Do you know of support services for failed entrepreneurs? What skills and experience are we losing?
Frederik Pétursson MadsenCo-founder AfricaPace
It might be a bit unsettling, but the fact is that most start-ups fail. This makes the question extremely relevant and important for development of successful entrepreneurs.

I have not heard of a support service for failed entrepreneurs.What I think is essential is the acceptance of failure from society and investors combined with a willingness from the entrepreneur to learn from your mistakes. In an interview Steve Blank explained what makes Sillicon Valley unique and difficult to replicate:

“The biggest thing that makes this area technology cluster is, you know what we call a failed entrepreneur in Silicon Valley? Experienced.
Nowhere else in the world do we say that. Anywhere else in the world if you failed you embarrassed your family, your community, your state. Not here. Failure is accepted as experience. And that changes this culture. Screwed it up? Great, as long as you don't blame it on someone else and you say: listen, let me tell you what I learnt. I'll never do that again.
You can play this game forever here. Step outside the Bay Area and try that anywhere else in the United State - Let alone anywhere in the world–and you'll never get another job.”

See the interview @

However, it would be interesting to know:

1. If there exist a formalised support service for entrepreneurs somewhere in the world and what learnings have been created?

2. How you create a culture where entrepreneurial failure is accepted?
Aug 26, 2011

Monica HeynesBusiness Matchmaker Deluxe Virtual Business Matchmaking Agency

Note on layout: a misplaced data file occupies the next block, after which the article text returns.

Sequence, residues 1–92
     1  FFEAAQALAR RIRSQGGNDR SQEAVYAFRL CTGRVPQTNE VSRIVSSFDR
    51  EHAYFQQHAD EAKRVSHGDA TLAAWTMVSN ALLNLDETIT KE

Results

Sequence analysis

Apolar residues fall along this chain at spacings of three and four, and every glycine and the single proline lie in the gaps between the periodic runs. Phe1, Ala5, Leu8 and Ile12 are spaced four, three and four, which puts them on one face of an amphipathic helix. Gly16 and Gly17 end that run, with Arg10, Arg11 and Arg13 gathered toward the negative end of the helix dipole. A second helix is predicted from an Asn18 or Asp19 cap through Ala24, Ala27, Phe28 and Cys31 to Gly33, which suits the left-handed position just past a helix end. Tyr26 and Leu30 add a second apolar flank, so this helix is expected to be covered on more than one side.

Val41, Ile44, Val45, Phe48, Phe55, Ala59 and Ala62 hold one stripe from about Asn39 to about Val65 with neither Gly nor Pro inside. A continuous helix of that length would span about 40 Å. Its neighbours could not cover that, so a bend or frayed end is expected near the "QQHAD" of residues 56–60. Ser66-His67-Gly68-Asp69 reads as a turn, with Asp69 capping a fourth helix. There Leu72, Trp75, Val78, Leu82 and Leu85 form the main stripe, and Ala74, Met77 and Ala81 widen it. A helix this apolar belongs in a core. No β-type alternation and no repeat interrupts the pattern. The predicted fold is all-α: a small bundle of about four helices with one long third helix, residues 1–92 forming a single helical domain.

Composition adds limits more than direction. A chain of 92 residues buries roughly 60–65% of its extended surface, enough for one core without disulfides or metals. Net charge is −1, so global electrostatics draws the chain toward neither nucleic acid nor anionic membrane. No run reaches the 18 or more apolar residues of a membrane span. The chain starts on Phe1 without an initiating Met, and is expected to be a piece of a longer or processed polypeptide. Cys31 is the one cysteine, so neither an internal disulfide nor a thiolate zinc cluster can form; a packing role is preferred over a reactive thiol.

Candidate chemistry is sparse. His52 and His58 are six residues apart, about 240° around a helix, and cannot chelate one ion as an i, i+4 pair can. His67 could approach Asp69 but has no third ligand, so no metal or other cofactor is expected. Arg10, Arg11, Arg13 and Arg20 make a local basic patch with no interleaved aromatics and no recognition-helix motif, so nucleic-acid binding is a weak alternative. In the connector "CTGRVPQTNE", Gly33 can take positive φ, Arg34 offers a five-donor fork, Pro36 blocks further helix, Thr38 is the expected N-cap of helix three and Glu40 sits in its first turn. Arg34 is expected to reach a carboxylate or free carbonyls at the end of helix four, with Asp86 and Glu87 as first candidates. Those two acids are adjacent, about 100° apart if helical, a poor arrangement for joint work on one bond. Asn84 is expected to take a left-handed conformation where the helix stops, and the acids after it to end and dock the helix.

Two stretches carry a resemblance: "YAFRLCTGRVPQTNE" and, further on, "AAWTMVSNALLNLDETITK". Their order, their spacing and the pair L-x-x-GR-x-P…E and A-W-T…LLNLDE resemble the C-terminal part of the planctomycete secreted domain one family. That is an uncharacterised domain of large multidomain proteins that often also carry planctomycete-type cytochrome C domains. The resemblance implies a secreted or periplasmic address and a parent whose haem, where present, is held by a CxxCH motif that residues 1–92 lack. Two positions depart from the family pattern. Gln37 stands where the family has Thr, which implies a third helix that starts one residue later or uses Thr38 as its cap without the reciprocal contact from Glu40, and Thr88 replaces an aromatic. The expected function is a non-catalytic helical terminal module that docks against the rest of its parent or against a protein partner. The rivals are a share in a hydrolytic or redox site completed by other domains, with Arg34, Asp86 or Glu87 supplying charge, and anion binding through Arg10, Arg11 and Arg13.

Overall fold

Hi there. As the African Ambassador for Womens Network, a GLOBAL organisation , we will concentrate on the failed entrepreneurs.Unfortunately this will be for females only because we know that the support mechanisms for women are not exist in most African countries.

Our goal is to set up business clusters and then to support with advertising, public relations, marketing and some admin support.Through crowdfunding we would like to give small loans to women and help them grow their businesses.

Email me on to get more information.

Monica Heynes
Aug 26, 2011

Shaun LindberghBusiness Activist / Founder Motivate My City
@Frederik. I tried to comment below your answer but it does not appear.

1. Silicon Valley is an excellent role model for a culture that accepts failure as an integral part of the entrepreneurial process.

2. We can do more than pay lip-service to the learning benefits of failure by accepting our own failures as well as those of others; get over it and get going again.

3. We should challenge those who promote entrepreneurship to create a means to capture the skills and experience before they are lost to depression and shattered self-confidence.

@Monica. Go for it! Women are going to save the world in the new economy! How can we help you? Please check out my blog "Fast-track recovery for Failed Entrepreneurs" programme.
Aug 26, 2011

Leoni KokIndependent Media Professional ArtMediaNet
@ Frederick. I think the Silicon Valley example is not only valid in Silicon Valley.

South Africa and Russia are two other cultures where the failed entrepreneur simply moves on to other opportunities and certainly is not shunned by society or the community. In countries emerging from restrictive regimes where the balance of power suddenly shifts, a lot of former haves are shunned from the new dispensation.

This gives rise to very creative entrepreneuralism. I am a failed entrepreneur twice over. I am a failed former franchisee and I have a .com that was practically stillborn.

Would I do it again? I still am, because as a middle aged white woman in post-Apartheid South Africa I don't have many corporate options. No complaints here. Sometimes being ejected from a comfort zone is the only way to become financially independent.

I agree though that support structures for failed entrepreneurs as well as start-ups are necessary and I am not aware of any effective ones out there.
Aug 30, 2011
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